Apr 04, 2017 11:19 PM EDT
A dire lack of interest or even lack of knowledge in Mathematics led to Australian students in choosing careers that are less focused on the subject. Even if there is Math in subsequent fields, they are not as extensive. There is a notable decline in students who are taking science, technology, engineering, and mathematics strands or STEM.
According to professor Kathryn Holmes of the Western Sydney University-School of Education, there is a very limited number of Australian students who want to pursue Mathematics. An extensive research was done to trace the reason behind this withdrawal. The primary factor linked to STEM career's low participation is fear of mathematics.
Holmes mixed her respondents with primary school students to those who are in higher years. Of 6,492 Australian students who participated, only a surprising 8 of them said that they know Mathematics and they will select a career in line with STEM, PhysOrg reported. The rest are either simply not interested or are afraid that their limited knowledge isn't sufficient to make it through.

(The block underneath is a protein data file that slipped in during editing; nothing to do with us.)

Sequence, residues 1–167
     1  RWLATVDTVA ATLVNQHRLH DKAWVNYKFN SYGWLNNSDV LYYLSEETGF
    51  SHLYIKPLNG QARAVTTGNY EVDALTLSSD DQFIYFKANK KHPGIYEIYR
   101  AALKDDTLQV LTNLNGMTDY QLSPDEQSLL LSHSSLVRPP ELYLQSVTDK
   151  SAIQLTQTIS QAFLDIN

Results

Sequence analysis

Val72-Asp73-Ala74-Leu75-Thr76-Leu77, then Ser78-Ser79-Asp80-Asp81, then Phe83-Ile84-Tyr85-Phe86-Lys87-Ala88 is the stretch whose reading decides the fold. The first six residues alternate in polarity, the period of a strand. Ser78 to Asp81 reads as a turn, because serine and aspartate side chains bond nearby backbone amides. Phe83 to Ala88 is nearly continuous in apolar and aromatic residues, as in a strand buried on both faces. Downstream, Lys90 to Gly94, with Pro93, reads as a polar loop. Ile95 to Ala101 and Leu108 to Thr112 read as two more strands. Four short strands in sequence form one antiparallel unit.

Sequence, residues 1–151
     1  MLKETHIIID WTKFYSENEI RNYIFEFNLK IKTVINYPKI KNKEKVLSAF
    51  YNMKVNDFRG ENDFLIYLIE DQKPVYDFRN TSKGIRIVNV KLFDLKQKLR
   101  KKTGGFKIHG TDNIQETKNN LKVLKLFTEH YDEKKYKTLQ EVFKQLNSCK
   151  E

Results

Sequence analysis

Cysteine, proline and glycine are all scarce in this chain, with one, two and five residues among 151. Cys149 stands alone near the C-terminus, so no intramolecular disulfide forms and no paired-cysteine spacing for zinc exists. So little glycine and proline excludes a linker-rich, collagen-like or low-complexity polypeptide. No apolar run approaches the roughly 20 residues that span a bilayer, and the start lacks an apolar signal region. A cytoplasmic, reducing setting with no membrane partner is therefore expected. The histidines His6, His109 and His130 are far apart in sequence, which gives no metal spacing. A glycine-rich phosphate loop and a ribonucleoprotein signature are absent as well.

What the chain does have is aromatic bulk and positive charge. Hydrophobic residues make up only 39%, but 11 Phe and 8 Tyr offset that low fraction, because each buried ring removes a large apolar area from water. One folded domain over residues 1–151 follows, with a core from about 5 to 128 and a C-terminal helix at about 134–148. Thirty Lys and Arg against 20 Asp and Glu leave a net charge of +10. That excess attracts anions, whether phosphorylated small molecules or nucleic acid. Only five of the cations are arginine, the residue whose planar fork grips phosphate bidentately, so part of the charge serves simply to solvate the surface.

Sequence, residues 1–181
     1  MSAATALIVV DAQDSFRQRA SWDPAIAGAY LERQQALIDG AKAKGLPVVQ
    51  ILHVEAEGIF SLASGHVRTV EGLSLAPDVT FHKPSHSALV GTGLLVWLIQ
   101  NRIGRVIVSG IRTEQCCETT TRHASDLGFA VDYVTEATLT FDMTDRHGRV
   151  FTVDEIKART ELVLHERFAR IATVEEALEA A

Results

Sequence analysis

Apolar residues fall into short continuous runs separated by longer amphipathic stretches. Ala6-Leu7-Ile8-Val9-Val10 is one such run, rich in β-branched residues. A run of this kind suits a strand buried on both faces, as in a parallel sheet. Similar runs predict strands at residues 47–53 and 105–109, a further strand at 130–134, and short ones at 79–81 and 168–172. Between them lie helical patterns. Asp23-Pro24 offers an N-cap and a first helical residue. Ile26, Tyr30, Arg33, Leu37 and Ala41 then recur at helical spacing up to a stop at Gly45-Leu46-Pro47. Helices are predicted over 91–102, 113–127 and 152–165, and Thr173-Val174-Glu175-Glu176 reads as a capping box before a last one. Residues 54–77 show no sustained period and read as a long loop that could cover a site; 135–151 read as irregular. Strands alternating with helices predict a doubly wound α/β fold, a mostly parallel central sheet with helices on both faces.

Holmes also stressed that it is very likely that Australia may not cope up with the demand for qualified graduates from the STEM field. STEM careers are exponentially growing in Australia and it is getting harder to fill up the positions available. The study also cemented the notion that males are more likely to pursue mathematics careers than females.
Meanwhile, Holmes proposes an added dedication among teachers in lower year levels. The students' flair for Mathematics can be developed during early school years. The study also proposes extra attention for females since the crucial interests for STEM are lower among them, according to the Western Sydney University journal. While increased academic achievements for males usually result to increased interest in mathematics, the same doesn't apply for females.
Holmes also said that Australian teachers should also look at their own behavior towards Mathematics. It is important to guide students with an unbiased promotion of STEM. Teachers should avoid giving hints if they themselves don't like mathematics, she added.
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